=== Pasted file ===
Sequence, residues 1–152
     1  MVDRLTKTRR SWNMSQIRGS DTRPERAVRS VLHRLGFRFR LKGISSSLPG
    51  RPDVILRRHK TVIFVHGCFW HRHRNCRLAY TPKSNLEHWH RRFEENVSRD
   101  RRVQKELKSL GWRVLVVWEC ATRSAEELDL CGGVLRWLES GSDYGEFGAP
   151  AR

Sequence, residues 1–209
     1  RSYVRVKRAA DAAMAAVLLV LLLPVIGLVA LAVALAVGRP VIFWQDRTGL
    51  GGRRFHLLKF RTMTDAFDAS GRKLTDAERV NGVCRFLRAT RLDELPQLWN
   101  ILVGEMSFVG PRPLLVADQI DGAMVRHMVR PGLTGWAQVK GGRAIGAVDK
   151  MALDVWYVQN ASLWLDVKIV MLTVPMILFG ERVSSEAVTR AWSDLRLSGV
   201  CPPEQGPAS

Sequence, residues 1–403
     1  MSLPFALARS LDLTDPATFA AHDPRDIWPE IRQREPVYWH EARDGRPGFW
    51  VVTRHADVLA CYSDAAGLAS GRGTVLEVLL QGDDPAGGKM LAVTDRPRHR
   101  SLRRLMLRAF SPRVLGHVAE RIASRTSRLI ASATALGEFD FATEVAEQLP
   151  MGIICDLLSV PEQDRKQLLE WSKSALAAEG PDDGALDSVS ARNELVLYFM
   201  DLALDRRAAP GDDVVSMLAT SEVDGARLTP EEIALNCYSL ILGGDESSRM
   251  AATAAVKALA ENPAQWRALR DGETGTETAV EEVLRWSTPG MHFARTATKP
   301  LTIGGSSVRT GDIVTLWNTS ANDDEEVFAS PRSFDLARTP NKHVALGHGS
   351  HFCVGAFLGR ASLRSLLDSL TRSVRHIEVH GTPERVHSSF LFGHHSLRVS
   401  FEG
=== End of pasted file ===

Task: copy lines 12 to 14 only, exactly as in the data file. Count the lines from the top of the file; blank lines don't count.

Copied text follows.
Sequence, residues 1–403
     1  MSLPFALARS LDLTDPATFA AHDPRDIWPE IRQREPVYWH EARDGRPGFW
    51  VVTRHADVLA CYSDAAGLAS GRGTVLEVLL QGDDPAGGKM LAVTDRPRHR